Lim: Party sensibly

Melanie T. Lim

MOST people love parties. I don’t. A few in a year are acceptable—among close friends and family. I call myself selectively social. Not a hermit. Not a party animal. Just a creature—free-spirited, adventurous, social—who occasionally walks on the wild side but mostly tries to live in peace, her best life.

Of course, this is the “old me” talking. The “young me” had my fair share of soirees.

I was a bit of a party animal. Yes. But thank God, I was a party animal at a time when partying didn’t mean getting wasted on booze, party pills and hooking up with anyone looking mildly hot.

Why talk about parties? It’s fiesta time in the city! And while I know all the partying creates a boom in the economy, I can’t help but act like some prefect in a dormitory.

At the dining table today, I wondered out loud to my sister. Why can’t young people listen to live bands, scream at the top of their lungs, dance the night away, without drinking alcohol and taking party drugs?

We had a great time when we were young and we didn’t need alcohol or drugs to give us a high. We got our high from the genuine joy we felt—being with our friends, having a great time, having been let out of the corral by parents who trusted us to come home safe and sound.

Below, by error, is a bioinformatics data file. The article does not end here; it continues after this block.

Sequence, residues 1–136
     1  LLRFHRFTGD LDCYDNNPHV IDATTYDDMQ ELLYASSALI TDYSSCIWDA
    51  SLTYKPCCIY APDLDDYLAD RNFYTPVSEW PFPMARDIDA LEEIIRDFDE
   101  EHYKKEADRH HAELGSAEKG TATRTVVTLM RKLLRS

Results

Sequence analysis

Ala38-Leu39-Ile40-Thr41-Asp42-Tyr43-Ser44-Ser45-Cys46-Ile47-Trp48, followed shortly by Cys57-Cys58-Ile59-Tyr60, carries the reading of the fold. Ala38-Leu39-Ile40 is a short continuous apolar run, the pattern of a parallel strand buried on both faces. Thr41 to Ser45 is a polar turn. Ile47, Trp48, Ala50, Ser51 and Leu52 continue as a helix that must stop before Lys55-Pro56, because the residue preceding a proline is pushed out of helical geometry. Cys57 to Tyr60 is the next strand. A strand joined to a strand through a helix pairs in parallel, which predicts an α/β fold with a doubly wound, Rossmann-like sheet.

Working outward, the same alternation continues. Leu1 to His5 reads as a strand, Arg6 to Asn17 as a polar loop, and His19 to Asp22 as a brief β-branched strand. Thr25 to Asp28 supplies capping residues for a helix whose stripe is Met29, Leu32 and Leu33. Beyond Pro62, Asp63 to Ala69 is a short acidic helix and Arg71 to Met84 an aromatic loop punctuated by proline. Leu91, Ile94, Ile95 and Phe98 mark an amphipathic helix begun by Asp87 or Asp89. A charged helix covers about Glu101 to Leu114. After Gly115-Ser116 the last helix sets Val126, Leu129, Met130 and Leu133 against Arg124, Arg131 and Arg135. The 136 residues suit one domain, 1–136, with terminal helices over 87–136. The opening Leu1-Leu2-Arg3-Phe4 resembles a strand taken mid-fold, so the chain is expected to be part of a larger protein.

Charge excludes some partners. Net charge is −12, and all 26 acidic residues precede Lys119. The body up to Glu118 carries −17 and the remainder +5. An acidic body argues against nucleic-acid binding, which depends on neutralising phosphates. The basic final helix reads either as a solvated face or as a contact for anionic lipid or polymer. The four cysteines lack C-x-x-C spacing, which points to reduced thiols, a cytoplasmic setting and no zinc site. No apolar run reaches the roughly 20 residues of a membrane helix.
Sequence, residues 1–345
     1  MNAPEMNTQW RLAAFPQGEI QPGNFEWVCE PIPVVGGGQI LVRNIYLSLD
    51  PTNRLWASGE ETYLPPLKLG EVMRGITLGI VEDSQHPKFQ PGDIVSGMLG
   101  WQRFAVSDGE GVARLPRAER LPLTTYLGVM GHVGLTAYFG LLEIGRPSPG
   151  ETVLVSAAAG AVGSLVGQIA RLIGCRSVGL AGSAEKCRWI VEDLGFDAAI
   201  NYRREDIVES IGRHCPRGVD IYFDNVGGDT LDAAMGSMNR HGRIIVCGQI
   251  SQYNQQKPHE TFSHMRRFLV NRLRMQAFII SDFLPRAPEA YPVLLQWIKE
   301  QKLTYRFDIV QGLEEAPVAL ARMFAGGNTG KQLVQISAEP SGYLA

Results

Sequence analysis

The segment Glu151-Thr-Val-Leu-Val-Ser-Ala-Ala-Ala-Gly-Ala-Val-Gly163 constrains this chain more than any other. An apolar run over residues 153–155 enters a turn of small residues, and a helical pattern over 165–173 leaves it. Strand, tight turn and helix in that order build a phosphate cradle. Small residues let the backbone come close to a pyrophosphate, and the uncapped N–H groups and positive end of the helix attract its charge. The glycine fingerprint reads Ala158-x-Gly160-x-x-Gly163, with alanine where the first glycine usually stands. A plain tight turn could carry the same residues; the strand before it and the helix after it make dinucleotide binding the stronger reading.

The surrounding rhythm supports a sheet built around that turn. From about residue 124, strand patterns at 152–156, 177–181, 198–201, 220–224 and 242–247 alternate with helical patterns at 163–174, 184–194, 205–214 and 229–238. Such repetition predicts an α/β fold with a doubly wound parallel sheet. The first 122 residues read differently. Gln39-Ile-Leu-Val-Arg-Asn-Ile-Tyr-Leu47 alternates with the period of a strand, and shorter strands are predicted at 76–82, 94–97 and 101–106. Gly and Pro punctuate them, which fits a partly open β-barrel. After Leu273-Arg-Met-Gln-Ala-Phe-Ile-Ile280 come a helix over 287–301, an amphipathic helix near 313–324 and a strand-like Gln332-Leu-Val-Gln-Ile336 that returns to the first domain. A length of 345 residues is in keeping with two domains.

Of course, mass media which now includes social media strongly influences the choices of each generation. Sadly, the pathology of nomalcy reigns in each generation—what is normal is necessarily sane. A fallacy that is not only foolhardy but one that can also prove fatal.

I come from a different era of party animals. I’m not saying we were better. I’m saying we were luckier. The unintended consequences of hard partying today are tragic—sexual assaults, unplanned pregnancies, substance abuse, STDs, DUIs, DOAs.

I don’t expect young people today to adopt the norms of 30 years ago. But I do wish they would take greater efforts to preserve their health, safety, sanity as well as dignity.

I do wish they would develop a sense of self—strong enough to allow them to think for themselves, to walk away from the throng, to unfollow the herd.

I do wish they would develop the mindset that “negative” emotions are normal and that they don’t need to reach for a pill, a joint or a drink, to feel better. You can ride them out. And be stronger.

I know a lot of people fighting fiercely every day as disease mercilessly spreads across their bodies and slowly eats their days away. And this is why it especially enrages me to see the young and healthy callously throw their lives away on reckless choices produced by mindless groupthink.

I’ve partied hard in my young life so I understand the need to party. But remember, you only live once so make wise choices. Party hard if you must but please party sensibly.